Neurological and nervous system diseases include epilepsy, wobbler's syndrome, degenerative spinal myelopathy, and cerebellar ataxia.

Other health issues in Ridgebacks include deafness (inherited deafness), megaesophagus, and pancreatitis.

Let's talk about dermoid sinus in Rhodesian Ridgeback puppies.

The most serious disease in Rhodesian Ridgeback puppies (with about a 5% incidence) is a severe inherited skin deformity called dermoid sinus.

First of all, what it is? A dermoid sinus is a tube-shaped channel that starts on the surface of an affected puppy's skin (usually along the midline of the pup's neck or back) and extends downward toward the spinal cord.

Think of an open channel filled with hair, dead skin cells, and waxy sebum oil. If this channel between skin and spinal cord becomes infected, a painful abscess may form and the infection can cause serious neurological diseases like meningitis, encephalitis, or myelitis.

A shallow tract can be surgically removed by an experienced surgeon, but many tracts extend too deep to be removable.

Because of the complications of this disease, many breeders immediately put puppies with a dermoid sinus to sleep. It's estimated that about half of all Ridgeback puppies born with a dermoid sinus are euthanized.

There is a theory that folic acid given to breeding bitches (both before and during pregnancy) may help prevent this horrible disease.

Now, speaking of euthanizing puppies....let's talk about "ridgeless" puppies.

It's one thing to euthanize a puppy with a severe dermoid sinus that can't be removed.

But there's another practice that goes on within the Rhodesian Ridgeback community – a very controversial practice – and that is the decision of some breeders to euthanize healthy puppies who are born without the typical ridge of hair along their back.

About 10% of Rhodesian Ridgeback puppies are born without a ridge. There's nothing else wrong with them. They just didn't inherit the genes for a ridge.

You'd think it would be easy to neuter them so they can't be bred, then place them in wonderful homes who want a healthy happy puppy and who don't care about the lack of ridge.

Unfortunately, a number of Rhodesian Ridgeback clubs and breeders recommend euthanizing those puppies. Now, I don't know what you think about killing perfectly healthy puppies because they don't fit a desired appearance. I know what I think.

Preventing health problems

Some health problems are inherited. For example, if your dog inherits from his parents the genes for an eye disease called PRA, he will go blind and there's nothing anyone can do about it.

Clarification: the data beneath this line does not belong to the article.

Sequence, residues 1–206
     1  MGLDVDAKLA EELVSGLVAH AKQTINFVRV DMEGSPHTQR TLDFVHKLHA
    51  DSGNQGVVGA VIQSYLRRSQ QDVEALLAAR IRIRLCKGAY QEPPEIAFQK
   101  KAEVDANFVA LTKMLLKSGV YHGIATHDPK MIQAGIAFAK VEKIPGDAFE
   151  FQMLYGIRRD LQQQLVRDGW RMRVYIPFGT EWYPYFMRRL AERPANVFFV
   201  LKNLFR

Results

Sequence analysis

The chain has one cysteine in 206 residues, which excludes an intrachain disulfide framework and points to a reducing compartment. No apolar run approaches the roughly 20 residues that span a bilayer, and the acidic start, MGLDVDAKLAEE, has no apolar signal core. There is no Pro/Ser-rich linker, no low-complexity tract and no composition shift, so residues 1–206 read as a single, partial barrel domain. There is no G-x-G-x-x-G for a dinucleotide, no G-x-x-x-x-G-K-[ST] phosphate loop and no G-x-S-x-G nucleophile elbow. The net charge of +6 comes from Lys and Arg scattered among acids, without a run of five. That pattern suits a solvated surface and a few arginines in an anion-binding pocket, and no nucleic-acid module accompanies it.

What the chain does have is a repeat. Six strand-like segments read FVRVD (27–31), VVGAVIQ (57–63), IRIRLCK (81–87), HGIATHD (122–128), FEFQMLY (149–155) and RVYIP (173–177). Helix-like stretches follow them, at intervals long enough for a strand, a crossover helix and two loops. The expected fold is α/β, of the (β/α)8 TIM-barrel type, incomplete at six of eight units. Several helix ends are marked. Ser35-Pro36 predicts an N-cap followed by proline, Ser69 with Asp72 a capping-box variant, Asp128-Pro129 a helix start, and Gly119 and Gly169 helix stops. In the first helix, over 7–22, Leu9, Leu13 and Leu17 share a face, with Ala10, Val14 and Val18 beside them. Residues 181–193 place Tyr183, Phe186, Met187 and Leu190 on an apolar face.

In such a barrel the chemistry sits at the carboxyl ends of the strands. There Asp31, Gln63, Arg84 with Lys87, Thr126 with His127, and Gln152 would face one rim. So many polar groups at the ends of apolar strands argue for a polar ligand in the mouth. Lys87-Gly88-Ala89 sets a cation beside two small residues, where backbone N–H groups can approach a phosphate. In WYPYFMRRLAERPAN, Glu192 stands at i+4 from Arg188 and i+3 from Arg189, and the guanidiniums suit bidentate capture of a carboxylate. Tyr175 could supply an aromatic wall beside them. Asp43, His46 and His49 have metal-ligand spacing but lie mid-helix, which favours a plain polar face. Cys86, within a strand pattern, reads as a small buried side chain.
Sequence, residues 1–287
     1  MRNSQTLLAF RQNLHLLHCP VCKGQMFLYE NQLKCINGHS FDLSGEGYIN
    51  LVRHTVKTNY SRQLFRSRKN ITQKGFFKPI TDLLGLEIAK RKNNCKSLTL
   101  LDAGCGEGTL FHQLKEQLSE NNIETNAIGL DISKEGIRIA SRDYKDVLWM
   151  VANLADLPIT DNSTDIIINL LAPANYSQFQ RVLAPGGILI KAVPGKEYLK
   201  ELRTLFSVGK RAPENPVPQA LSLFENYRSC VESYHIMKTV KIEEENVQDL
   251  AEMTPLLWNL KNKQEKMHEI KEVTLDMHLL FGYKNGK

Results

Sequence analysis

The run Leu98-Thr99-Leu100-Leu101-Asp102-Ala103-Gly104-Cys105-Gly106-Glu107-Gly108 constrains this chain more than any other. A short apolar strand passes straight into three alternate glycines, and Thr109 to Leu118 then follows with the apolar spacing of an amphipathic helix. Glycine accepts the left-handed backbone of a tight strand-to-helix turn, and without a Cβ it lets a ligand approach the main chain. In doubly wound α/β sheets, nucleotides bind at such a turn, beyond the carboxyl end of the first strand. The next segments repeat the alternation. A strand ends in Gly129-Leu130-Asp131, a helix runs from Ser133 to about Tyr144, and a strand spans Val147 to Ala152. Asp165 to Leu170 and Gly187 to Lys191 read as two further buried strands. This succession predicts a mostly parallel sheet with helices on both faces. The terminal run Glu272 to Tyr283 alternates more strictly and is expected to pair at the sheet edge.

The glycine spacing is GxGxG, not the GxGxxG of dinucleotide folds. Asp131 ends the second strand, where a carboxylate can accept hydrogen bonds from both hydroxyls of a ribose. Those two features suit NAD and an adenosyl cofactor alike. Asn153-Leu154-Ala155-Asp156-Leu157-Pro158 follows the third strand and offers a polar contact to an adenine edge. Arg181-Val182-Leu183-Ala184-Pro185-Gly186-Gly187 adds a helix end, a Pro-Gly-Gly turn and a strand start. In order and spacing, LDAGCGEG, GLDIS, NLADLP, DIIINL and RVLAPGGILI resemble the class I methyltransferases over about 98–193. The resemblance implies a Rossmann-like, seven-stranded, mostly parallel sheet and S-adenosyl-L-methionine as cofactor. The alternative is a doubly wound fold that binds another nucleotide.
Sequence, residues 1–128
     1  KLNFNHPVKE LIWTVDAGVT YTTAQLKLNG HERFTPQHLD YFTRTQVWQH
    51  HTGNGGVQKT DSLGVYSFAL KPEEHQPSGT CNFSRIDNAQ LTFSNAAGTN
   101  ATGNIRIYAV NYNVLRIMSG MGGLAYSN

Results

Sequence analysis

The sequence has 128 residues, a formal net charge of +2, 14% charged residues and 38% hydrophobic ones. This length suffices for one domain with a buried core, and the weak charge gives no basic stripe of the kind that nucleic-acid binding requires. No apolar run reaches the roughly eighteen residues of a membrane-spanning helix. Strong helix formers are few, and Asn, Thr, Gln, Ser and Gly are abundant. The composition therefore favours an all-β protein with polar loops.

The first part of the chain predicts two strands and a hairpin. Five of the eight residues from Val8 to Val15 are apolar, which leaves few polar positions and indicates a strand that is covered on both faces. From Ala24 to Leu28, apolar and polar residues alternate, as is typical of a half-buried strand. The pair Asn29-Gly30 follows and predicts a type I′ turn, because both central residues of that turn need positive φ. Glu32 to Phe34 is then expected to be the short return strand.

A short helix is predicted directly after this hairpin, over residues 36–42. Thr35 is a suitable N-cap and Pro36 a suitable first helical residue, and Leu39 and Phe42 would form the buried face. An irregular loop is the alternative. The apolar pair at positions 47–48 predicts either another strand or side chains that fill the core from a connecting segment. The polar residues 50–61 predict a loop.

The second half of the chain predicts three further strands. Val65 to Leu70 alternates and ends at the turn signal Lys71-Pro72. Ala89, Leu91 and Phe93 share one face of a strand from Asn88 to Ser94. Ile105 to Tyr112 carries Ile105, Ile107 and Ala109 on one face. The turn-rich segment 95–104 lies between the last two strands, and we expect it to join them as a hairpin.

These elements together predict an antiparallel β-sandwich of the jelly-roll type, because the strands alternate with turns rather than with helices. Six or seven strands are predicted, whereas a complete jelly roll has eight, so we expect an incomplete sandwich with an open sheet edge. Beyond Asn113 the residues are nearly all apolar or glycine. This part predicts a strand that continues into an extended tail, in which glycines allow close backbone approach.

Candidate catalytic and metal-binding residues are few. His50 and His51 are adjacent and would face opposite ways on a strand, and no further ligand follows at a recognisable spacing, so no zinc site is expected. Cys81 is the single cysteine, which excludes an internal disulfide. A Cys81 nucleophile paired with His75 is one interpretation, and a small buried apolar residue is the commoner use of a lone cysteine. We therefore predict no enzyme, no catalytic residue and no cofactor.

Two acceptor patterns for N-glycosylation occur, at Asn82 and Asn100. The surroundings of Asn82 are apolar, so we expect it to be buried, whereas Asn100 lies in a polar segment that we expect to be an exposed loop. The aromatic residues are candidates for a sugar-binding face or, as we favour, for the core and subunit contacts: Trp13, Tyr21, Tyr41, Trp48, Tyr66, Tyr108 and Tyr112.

Dog feeding and health book by Michele Welton But most health problems can be prevented by the ways you raise your dog.

My best-selling book, 11 Things You Must Do Right To Keep Your Dog Healthy and Happy shows you how to raise your Rhodesian Ridgeback in all the right ways that help prevent health problems. Become your dog's health care champion!

Michele Welton with BuffyAbout the author: Michele Welton has over 40 years of experience as a Dog Trainer, Dog Breed Consultant, and founder of three Dog Training Centers. An expert researcher and author of 15 books about dogs, she loves helping people choose, train, and care for their dogs.

To help you train and care for your dog

dog training videos Dog training videos. Sometimes it's easier to train your puppy (or adult dog) when you can see the correct training techniques in action.

The problem is that most dog training videos on the internet are worthless, because they use the wrong training method. I recommend these dog training videos that are based on respect and leadership.

book coverRespect Training For Puppies: 30 seconds to a calm, polite, well-behaved puppy. For puppies 2 to 18 months old. Your puppy will learn the 21 skills that all family dogs need to know.
If your dog is over 18 months, you'll want book coverRespect Training For Adult Dogs: 30 seconds to a calm, polite, well-behaved dog. Again your dog will learn the 21 skills that all family dogs need to know.
book coverTeach Your Dog 100 English Words is a unique Vocabulary and Respect Training Program that will teach your adult dog to listen to you and do what you say.
book cover11 Things You Must Do Right To Keep Your Dog Healthy and Happy helps your dog live a longer, healthier life.
book coverDog Quest: Find The Dog Of Your Dreams will help you find a good-tempered, healthy family companion.